Anna Di Lellio is the co-founder and director of the Kosovo Oral History Initiative. She is a Professor of Politics at the Graduate Programs in International Relations of The New School and New York University. She holds a Ph.D. in Sociology from Columbia University and a Masters in Public Policy from New York University. Her academic publications focus on memory, nationalism and security in Kosovo. She is the producer of the documentary “Thinking of You,” on the making of Alketa Xhafa’s art installation dedicated to survivors of wartime sexual violence. She is the recipient of the Presidential Medal of Merits from the President of the Republic of Kosovo for her contribution in the field of freedom of speech.


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Listening as a Creative Catalyst, Fernanda Espinosa

Creative interventions and the use of visual language can be powerful tools in reclaiming meaning and space, and making visible sites of resistance and self-determination. This workshop is meant to get us thinking on using oral histories and, most importantly, the act of listening and interpreting, to shape and inspire creative interventions with an emphasis on cultural organizing and visual art. We will use different examples to understand some of the practices involved in these types of projects and use participatory exercises to engage some of the specific questions generated during the workshop. 

Fernanda Espinosa (OHMA 2015) is based in Brooklyn, New York. She has been generating, listening, and interpreting oral histories to inform creative public interventions that bring visibility to social justice issues and that aspire to act as platforms of resistance and dialogue. Fernanda is a co-founder and Steward of the group People’s Collective Arts//Colectivo de Arte Popular, recipient of the 2015 Rauschenberg Foundation Artists as Activists award. She co-founded Cooperativa Cultural 19 de enero (CC 1/19), an art and oral history collective recipient of The Laundromat Project’s 2015 Create Change commission arts award, and was one of twelve 2016 national Smithsonian Latino Museum Studies fellows.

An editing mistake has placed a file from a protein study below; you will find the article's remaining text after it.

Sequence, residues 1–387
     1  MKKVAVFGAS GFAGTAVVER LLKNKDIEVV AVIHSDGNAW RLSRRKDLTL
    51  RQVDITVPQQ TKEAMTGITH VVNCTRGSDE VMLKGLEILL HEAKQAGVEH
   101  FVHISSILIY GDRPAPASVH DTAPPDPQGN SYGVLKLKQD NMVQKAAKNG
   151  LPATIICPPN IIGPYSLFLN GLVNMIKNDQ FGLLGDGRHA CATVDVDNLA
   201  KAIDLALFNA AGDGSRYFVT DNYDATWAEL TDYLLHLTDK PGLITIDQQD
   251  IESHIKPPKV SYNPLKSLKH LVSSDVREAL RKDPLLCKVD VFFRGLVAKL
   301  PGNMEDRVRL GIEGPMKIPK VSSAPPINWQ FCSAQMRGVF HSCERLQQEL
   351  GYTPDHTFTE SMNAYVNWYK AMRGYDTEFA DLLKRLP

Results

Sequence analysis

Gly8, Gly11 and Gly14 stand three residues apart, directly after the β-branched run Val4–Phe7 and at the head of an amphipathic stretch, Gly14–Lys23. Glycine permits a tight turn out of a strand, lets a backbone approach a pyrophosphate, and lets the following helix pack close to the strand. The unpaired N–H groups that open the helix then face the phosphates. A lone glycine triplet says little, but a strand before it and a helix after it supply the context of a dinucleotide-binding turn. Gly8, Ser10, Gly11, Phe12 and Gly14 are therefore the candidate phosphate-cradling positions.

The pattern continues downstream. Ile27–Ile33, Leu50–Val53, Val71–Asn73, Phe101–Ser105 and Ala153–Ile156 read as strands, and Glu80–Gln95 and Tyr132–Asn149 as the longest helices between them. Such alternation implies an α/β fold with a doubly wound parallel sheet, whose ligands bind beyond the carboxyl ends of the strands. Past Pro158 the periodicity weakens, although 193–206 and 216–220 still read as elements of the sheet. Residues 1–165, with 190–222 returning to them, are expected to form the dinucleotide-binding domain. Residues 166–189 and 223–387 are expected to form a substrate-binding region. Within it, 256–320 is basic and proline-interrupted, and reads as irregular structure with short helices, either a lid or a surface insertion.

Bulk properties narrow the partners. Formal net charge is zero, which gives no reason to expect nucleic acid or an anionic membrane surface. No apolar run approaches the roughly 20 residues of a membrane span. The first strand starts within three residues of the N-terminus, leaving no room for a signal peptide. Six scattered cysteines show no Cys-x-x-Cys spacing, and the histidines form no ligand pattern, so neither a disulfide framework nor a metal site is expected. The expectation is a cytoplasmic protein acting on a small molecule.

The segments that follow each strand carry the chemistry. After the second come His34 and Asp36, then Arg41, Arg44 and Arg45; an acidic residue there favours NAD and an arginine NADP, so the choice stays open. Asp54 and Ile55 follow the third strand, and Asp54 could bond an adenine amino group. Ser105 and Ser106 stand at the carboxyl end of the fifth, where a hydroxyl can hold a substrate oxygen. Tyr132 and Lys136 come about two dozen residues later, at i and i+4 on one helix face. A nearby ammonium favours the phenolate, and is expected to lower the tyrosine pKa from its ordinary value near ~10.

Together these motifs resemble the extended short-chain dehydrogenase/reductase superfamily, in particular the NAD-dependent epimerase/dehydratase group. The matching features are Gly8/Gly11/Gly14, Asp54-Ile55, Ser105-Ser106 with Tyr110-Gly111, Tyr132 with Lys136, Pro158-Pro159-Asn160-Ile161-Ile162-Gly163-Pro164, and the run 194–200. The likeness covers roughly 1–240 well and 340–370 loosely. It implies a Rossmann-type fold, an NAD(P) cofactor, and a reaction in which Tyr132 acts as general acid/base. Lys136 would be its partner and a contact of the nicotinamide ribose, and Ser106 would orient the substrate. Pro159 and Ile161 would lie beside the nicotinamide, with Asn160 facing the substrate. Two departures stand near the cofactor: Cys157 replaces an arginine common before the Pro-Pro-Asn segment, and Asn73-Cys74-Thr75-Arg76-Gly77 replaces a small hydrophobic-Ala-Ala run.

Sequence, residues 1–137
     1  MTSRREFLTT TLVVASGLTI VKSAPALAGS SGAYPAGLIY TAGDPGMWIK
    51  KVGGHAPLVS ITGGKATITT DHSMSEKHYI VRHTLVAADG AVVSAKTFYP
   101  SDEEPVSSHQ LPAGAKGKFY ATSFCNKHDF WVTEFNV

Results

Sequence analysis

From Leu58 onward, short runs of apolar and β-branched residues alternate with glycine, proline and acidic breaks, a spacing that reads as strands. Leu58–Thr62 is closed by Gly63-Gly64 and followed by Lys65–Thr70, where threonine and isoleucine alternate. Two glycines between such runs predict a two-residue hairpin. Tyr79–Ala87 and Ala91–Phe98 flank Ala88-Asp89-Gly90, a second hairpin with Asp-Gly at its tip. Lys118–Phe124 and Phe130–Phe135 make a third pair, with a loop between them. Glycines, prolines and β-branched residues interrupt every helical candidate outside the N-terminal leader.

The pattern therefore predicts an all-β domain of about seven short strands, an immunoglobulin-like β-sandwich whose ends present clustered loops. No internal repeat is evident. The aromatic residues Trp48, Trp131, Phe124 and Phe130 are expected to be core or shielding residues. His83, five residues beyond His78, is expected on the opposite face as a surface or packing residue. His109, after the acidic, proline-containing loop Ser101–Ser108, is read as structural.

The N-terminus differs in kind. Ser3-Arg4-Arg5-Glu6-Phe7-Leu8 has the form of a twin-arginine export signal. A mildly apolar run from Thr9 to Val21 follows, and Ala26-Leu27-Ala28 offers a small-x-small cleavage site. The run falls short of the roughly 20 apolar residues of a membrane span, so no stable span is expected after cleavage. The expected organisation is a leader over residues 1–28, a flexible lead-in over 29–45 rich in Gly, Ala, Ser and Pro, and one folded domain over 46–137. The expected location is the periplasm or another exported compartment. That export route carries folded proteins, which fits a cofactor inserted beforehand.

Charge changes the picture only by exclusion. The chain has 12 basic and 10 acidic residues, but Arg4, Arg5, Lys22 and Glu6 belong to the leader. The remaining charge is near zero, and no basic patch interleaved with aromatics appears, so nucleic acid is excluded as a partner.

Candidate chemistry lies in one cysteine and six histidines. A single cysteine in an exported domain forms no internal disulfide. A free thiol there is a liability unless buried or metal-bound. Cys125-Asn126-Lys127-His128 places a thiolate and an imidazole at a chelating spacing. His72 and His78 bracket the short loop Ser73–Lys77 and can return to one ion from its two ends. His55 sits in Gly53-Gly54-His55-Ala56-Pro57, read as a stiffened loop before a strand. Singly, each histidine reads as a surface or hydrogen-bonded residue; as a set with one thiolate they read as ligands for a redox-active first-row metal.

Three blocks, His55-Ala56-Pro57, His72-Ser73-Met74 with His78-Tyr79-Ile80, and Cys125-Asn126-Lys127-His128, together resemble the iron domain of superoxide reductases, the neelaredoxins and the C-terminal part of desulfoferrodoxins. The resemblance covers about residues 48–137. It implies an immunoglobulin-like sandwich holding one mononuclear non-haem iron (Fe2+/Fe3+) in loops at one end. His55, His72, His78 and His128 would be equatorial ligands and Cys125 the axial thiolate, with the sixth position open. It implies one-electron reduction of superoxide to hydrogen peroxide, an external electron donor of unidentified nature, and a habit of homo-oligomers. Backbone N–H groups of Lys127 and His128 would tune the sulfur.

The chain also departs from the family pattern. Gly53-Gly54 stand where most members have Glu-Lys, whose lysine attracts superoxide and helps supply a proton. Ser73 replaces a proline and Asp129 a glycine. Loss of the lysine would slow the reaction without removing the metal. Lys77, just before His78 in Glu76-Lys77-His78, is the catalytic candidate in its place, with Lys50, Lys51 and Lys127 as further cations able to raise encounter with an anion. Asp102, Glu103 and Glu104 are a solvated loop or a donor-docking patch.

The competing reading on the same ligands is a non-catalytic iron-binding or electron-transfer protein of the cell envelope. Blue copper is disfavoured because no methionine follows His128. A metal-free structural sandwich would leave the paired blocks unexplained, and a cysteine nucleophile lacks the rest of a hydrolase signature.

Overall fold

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Oral History & Podcasting/Radio Storytelling, with Molly Graham

Turning oral histories into radio stories or a podcast series means your content can reach broader and more diverse audiences. Interviews are more flexible and versatile if shared in this way. This workshop is an introduction to the basic tools and techniques for creating a podcast. The first part of the workshop covers the technical aspects - basic equipment to get started, and professional sound recording tricks and techniques.  Then we will cover interviewing for live to tape interviews and for creating radio stories.  We will also discuss writing for radio and scripting the podcast, in addition to voicing narration, and editing and sound production. Finally, we will talk about podcast ideas, names, promotion and sponsorship.

Molly Graham is an oral historian, documentary radio producer and archivist with field experience in Massachusetts, Maine and the Midwest. She attended Bates College and the Salt Institute for Documentary Studies in Maine, where she's from. Molly produced an award winning radio documentary called "Besides Life Here," which was licensed by several NPR affiliates. 

She earned her M.A. in Library and Information Science from Simmons College in Boston.  After Simmons, she worked as the oral historian for the Wisconsin Veterans Museum, transitioning the archives into the digital age and doubling the collection of interviews with Wisconsin connected veterans from all over the state.  She is currently the Assistant Director of the Rutgers Oral History Archives and teaches "Introduction to Oral History" as part of the Public History Program at Rutgers University. Additionally, she serves as the Associate Director of Oral History & Folklife Research Inc., a nonprofit based in Maine.